ABA Behavior skills – How to increase my child’s tolerance in wearing a Band-Aid

I believe many parents will find the below scenario not uncommon: My child has injured himself/herself and the wound started to bleed. The moment we have put the Band-Aid on his/her wound, he/she would rip it off straight away. No matter how hard we have tried, my child refused to have the Band-Aid or anything on his/her body. If we insisted, he/she would throw a tantrum.

Children with ASD often exhibit rigid behaviors. They have their own rituals and routines. They won’t settle and will be upset if these rituals are broken. No matter how their parents have explained the issue to them, even when they comprehend it, they won’t accept it.

In fact, many parents thought their children would have learnt their lessons from the previous incident of similar or same issue; and they thought their child would understand more and more, and their reaction would be less intense over time. Yet, instead of being calm, their reaction seemed to be intensified and giving them a pre-talk in advance seemed not effective.

To increase their tolerance, parents can practice the following activities with their child:
  1. Pick a time that your child is calm and relaxed, for instance, when he is listening to favorite songs or enjoying his snacks. Put a sticker on his/her clothes for a few seconds and take it off. If your child remains calm, praise him and provide reinforcer.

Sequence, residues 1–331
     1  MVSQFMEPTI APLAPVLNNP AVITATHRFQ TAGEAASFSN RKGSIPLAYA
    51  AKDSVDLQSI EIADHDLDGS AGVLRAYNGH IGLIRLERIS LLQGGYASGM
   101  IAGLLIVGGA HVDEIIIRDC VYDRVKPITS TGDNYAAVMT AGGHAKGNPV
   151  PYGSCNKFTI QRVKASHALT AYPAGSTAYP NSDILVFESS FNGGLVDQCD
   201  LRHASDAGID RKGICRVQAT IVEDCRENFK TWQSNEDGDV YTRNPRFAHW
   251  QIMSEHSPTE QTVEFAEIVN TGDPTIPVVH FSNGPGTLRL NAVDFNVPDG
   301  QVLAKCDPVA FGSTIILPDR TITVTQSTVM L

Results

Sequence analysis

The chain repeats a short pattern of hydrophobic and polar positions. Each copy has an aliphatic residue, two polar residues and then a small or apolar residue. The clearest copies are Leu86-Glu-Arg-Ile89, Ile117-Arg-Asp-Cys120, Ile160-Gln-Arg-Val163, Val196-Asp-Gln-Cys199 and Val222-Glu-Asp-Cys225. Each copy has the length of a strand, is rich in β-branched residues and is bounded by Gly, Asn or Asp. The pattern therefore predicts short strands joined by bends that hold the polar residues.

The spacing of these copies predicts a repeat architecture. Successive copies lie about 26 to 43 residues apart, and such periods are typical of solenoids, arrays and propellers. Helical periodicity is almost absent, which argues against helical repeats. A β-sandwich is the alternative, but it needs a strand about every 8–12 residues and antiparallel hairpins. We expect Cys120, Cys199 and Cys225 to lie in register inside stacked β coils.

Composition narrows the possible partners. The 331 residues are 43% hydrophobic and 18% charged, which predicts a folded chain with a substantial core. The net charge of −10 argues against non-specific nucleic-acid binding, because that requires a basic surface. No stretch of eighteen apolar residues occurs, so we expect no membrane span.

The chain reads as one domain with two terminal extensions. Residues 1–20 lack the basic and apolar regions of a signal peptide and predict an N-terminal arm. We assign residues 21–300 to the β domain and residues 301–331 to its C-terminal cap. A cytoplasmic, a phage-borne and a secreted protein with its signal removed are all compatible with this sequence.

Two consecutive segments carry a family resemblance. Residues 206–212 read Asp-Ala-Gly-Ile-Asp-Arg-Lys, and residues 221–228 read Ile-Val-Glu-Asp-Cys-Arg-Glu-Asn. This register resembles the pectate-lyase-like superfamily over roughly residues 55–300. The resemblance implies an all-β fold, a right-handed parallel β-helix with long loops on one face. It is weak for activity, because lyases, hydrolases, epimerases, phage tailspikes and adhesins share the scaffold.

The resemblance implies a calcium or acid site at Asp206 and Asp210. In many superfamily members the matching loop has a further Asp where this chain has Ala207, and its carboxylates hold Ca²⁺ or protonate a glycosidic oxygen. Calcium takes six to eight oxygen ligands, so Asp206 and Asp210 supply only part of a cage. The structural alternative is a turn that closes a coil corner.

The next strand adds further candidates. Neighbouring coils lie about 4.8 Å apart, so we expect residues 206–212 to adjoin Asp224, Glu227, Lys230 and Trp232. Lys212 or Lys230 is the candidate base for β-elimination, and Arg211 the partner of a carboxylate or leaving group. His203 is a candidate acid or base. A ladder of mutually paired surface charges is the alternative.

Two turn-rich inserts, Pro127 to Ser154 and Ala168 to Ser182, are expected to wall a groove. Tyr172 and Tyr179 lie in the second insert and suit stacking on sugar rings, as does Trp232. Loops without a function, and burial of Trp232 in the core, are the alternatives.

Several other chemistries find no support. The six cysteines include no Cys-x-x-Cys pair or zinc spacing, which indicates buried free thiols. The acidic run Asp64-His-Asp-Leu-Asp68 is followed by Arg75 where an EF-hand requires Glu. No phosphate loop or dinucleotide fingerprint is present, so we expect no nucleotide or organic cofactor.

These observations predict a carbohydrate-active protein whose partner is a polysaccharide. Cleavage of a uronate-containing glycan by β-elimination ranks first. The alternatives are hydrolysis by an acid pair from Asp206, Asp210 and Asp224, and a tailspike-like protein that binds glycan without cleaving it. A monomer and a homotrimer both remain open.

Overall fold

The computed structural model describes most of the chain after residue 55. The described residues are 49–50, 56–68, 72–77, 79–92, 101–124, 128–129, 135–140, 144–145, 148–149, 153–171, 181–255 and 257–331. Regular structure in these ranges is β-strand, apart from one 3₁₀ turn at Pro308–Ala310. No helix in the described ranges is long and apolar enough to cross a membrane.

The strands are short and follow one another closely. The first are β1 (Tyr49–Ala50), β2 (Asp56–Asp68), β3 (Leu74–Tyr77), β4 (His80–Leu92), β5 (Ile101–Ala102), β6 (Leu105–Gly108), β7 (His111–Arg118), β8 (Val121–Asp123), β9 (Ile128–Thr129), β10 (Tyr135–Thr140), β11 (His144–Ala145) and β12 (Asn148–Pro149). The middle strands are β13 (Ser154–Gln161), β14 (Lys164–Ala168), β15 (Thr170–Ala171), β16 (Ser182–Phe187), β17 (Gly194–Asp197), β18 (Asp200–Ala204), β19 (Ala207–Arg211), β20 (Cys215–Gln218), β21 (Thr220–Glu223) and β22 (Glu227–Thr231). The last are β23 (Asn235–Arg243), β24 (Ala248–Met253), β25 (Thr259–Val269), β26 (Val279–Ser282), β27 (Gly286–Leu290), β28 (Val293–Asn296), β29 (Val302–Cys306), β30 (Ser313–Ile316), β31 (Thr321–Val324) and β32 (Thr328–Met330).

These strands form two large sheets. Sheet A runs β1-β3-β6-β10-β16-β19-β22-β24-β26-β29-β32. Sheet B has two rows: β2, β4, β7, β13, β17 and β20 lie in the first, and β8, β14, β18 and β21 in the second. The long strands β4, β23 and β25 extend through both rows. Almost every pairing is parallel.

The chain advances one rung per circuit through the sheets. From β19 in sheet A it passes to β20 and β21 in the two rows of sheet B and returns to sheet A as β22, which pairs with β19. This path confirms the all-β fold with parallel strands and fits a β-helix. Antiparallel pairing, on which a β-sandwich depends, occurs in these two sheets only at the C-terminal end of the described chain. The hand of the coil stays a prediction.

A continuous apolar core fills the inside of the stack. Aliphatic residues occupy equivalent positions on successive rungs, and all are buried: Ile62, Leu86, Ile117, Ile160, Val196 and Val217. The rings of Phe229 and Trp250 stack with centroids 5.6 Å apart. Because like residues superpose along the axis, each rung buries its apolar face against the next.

2. Practice a few times, if your child can still remain calm, gradually increase the difficulty by lengthening the time. Practice putting the sticker on his skin instead of his clothes and switch the stickers to band-aid.
  3. After a series of systematic and structured practices, your child’s tolerance on putting something on his skin will be improved. Over time, the feeling of wearing something on his skin and being relaxed will be associated.


  • • In the beginning of the practice, to increase children’s motivation, allow them to choose their favorite stickers to put on.
  • • Parents should conduct practice during relaxed times (as in relaxed for both parents and child) and provide ample practice opportunities. Avoid doing one-off practice during challenging situations, for example, before you are in a rush for outings
  • • Practice putting different kind of clothing, can be a hat, an apron, a coat or even a theme park pass, etc.

The above is an example scenario to help increase your child’s tolerance in a particular matter. If your child has got other tolerance problems in other areas, such as hates brushing his/her teeth, is a picky eater, same principles apply with training his/her tolerance skills. Please be mindful that we need to be analytical enough to know which issue the child is rigid about, eg. he refuses to brush his teeth can be because he hates things in his month or watery feeling on chin, or the taste of the toothpaste. After finding out the particular issue, we can provide ample practice opportunities and systematically adjust the difficulty of the tasks to train the child’s tolerance skills.

Information provided by Autism Partnership

Autism Partnership (AP) is one of the most established Applied Behavior Analysis (ABA) service providers for Autism Spectrum Disorders (ASD) in the world. Formed in 1994 in the United States, AP is run by professional clinicians and specializes in providing one-on-one therapy, group interventions and overseas consultation for children with ASD and their families.

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